First high-volume, high-heat plastic AIM/CAC combination

Global Life Sciences and Materials Sciences company, Royal DSM, has collaborated with Tier One automotive supplier Mahle to develop the world's first high-volume use of high-heat plastic in an air intake manifold (AIM) that integrates a water-cooled charge air cooler (CAC).

Using DSM’s high temperature resistance polyamide 46, Stanyl Diablo OCD 2100, Mahle is producing the first high-volume application of high-heat plastic AIM/CAC combination for use in BMW’s B48 engine which is used in several different car models.

Car manufacturers want to deliver higher-performing engines while still meeting the new emission limits. One means of achieving this in turbo systems is to integrate the CAC into the AIM, using liquid to more effectively cool the air instead of air-to-air cooling. CAC integration also reduces the air duct length, thereby improving engine responsiveness and reducing turbo lag.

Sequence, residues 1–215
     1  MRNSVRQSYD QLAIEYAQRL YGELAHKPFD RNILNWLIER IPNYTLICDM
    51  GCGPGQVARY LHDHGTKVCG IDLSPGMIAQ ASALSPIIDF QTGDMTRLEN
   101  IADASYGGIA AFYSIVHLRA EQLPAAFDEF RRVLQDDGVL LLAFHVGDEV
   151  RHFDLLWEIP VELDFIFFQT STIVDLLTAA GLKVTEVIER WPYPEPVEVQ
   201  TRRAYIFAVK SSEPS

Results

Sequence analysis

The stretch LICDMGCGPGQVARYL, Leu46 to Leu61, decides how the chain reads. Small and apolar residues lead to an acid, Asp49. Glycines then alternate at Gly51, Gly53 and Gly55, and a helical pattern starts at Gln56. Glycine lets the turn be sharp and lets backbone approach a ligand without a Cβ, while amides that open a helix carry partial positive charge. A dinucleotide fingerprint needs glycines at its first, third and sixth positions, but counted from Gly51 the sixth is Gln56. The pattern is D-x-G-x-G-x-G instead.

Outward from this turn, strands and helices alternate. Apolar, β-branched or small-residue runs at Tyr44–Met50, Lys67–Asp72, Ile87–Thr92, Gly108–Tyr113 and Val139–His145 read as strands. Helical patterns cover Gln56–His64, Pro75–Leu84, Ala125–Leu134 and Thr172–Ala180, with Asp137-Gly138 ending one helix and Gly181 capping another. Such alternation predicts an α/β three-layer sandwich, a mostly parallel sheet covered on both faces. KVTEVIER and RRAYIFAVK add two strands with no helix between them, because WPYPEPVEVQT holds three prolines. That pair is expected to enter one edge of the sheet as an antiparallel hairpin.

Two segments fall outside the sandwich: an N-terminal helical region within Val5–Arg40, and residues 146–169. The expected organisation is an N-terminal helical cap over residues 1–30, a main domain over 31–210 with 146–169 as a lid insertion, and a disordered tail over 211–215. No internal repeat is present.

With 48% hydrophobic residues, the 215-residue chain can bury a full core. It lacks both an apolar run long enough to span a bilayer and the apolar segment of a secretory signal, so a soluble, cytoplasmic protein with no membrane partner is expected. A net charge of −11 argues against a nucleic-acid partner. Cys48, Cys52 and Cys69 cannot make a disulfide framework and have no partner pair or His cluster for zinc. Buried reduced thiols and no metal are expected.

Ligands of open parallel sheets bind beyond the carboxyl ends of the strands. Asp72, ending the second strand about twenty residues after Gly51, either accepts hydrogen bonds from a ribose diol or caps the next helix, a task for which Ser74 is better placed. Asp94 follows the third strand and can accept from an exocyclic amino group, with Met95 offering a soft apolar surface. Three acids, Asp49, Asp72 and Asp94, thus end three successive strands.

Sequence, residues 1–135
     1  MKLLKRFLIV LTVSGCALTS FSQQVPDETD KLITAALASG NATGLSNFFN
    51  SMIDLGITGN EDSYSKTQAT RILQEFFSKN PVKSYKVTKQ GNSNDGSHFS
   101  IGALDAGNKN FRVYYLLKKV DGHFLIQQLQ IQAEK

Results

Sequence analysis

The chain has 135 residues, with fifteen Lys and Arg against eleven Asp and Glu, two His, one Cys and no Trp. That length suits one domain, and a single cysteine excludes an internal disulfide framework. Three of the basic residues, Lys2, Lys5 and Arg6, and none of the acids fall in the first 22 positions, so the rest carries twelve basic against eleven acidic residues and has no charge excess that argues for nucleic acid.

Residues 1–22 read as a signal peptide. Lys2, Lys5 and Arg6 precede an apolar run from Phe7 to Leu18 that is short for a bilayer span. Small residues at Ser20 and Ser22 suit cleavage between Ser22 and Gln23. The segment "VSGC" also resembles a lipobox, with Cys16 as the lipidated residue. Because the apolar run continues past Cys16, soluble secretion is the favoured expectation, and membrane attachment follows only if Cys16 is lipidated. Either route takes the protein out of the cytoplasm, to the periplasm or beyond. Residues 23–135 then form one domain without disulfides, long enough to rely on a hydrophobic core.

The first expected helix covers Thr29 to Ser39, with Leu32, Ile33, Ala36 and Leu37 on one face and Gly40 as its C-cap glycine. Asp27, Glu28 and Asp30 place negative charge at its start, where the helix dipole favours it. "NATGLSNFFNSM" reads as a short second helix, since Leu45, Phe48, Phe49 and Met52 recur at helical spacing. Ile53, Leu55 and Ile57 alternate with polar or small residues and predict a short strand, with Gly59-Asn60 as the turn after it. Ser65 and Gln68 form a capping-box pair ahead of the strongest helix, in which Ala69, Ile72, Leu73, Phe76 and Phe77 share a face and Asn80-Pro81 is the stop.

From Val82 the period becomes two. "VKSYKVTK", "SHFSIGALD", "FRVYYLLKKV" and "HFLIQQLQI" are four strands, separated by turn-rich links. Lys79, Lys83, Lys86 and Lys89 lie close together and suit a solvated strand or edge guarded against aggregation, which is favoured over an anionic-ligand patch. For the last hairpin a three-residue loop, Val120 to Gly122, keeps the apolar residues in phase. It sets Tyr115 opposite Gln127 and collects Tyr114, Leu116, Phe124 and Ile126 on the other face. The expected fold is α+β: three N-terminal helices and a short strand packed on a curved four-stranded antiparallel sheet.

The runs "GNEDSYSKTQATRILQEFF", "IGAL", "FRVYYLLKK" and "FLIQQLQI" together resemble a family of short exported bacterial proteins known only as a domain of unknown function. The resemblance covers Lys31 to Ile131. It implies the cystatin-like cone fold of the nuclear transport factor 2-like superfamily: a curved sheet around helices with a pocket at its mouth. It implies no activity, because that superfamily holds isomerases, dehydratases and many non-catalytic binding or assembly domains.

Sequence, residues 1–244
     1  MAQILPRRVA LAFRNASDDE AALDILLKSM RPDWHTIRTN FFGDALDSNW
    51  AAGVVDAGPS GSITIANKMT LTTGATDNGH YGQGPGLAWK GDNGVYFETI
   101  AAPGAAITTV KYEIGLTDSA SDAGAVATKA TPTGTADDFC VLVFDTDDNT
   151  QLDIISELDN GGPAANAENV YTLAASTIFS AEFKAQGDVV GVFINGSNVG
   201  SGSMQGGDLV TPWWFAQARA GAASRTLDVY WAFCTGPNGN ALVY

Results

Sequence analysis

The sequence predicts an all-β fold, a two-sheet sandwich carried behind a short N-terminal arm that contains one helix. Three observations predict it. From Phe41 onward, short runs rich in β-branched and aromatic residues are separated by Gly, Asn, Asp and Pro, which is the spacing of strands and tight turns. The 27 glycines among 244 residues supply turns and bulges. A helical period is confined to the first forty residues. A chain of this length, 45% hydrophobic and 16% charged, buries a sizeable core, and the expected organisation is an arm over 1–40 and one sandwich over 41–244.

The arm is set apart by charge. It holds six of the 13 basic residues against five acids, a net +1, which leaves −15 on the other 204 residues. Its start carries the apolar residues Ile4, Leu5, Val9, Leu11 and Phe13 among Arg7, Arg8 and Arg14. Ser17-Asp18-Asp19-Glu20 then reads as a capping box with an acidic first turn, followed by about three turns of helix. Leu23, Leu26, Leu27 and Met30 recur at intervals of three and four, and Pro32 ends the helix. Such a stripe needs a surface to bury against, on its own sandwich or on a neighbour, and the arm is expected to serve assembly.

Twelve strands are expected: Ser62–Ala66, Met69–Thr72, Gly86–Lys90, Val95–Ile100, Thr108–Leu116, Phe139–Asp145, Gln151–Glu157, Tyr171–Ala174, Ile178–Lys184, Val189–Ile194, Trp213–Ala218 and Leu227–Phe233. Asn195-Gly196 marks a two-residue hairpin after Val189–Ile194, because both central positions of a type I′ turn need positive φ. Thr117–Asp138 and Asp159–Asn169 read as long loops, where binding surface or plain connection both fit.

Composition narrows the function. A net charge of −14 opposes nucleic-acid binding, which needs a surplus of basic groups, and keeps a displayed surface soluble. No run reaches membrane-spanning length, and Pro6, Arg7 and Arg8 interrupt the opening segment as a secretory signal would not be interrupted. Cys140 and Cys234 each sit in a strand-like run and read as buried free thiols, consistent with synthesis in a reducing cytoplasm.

“Such a design can drive the AIM’s continuous operating temperature up to 220°C, which in turn boosts the mechanical demands on the materials used in those components,” said Martin Valecka, project manager, Mahle. “This new geometry also requires materials with robust weldability and weldline aging resistance in order to maintain the part’s integrity.”

DSM offers a complete portfolio of high-performance materials for air intake manifolds whether they have an air-to-air CAC or an integrated, liquid-cooled CAC. This includes Akulon polyamide 6, Akulon Diablo polyamide 66, Stanyl and Stanyl Diablo polyamide 46. These materials have been engineered for continuous-use temperatures up to 230°C.

The mechanical properties of both the HDT2700 and OCD2100 grades provides high weld strength and ensures part integrity under pressure pulsation loads. These materials are said to outperform competitive materials in regard to thermal oxidative stability, maintaining high stiffness at elevated temperatures and pressure loads.

These Stanyl Diablo materials are also claimed to deliver robust performance, function integration, and design flexibility, while providing up to 40% weight reduction versus aluminium. Its processing characteristics reduce material and production costs.

Author
Tom Austin-Morgan

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